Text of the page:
A couple of months back I had an email from Photobox about a book they were going to publish, made up of images of the Royal Family taken by members of the public. It had presenter Jennie Bond and historian Dominic Sandbrook behind it, and was inspired by a photo that a member of the public had taken of Prince William, Kate, Prince Harry and Meghan last Christmas, an image that then went viral.I thought back to the only images I’ve ever taken of the Royal Family, which were on one particular day in November last year. I happened to be in the capital one Monday morning with my fiancé. We’d spent the weekend there seeing a show (The Toxic Avenger Musical no less!) and visiting the Winter Wonderland in Hyde Park. With time to kill until our train back to Sleaford, we wandered around seeing the sights.
We’d seen the news as we were getting up that morning, the announcement that Prince Harry and Meghan Markle were engaged, so somehow we gravitated towards Buckingham Palace. As we walked up The Mall, there was a police presence, and no vehicles on the road until a motorcade came right past us. We could only assume that it was Harry and Meghan onboard. For some reason we thought that they might make an appearance at Buckingham Palace so we hung around there until we found out that actually they were going to appear at Kensington Palace. With hours still until our train, we decided to trek on over there. Incidentally, by foot that’s actually quite a long way so it felt like quite the expedition!
When we arrived there, we saw that the world’s media were already there, a long line of television crews shooting endless reports and footage of the palace, waiting for Harry and Meghan to appear. We took a spot by a gate, and soon afterwards the crowd we were in swelled with paparazzi, reporters, royal fanatics and random onlookers joining us to get a glimpse of the couple.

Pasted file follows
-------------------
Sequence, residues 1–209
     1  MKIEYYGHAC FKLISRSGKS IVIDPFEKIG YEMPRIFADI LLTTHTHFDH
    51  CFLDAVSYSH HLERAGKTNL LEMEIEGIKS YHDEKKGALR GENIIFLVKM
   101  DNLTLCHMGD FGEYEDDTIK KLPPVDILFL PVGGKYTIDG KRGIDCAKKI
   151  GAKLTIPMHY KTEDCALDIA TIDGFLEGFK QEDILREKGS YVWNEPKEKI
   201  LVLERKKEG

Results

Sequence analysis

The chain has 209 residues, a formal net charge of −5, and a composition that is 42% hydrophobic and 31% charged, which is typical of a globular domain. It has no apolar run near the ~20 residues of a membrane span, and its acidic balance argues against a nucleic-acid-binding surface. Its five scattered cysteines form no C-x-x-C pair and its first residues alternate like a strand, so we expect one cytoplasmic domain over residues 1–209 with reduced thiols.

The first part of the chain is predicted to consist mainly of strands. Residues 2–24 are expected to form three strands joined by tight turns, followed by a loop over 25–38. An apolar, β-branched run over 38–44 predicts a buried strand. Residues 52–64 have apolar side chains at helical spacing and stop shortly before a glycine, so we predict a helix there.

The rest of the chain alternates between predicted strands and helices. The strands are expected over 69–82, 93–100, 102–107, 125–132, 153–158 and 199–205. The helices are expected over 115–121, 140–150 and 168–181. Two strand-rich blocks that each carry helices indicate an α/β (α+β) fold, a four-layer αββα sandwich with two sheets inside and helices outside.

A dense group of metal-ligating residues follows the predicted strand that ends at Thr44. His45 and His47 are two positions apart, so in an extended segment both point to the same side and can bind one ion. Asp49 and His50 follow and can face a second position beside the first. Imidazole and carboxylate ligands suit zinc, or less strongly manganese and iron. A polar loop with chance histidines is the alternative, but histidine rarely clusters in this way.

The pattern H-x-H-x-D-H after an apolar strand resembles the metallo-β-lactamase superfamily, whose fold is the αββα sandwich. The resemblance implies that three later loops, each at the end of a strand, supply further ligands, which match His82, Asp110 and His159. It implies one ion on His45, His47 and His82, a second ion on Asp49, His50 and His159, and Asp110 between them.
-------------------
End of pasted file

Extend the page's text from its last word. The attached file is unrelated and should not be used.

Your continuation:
Eventually Harry and Meghan appeared. I cursed myself for not bringing my longer lens with me on this trip, but as it happened, it was probably a good thing. The image I submitted to Photobox had other people’s mobile phones creeping into shot, a bobby at the edge of the frame quietly watching on. It probably encapsulated well what Photobox were after: the more spontaneous, ‘behind-the-scenes’ type photographs that regular people take of the royal family, not the clean, slick and polished photos that you see in newspapers and magazines.
I found the whole process fascinating – fascination with other people’s fascination, I guess. I took plenty of video on my DSLR, and just watched as the journalists went straight to work on putting their articles together. We were even interviewed ourselves by a reporter from one of the papers.
Amazingly, and much to my delight, my photo was chosen for the book. I had a sneaking suspicion it would be when it was used in an article about the book in The Mirror.
There are some fascinating photos in this book stretching right throughout the decades, and I’m excited to be a part of it. It’s going to be presented to Harry and Meghan on their wedding day so I hope they like the snap I got of them. You can get a copy of The Crown from the Crowd from Photobox and all profits go to Help for Heroes.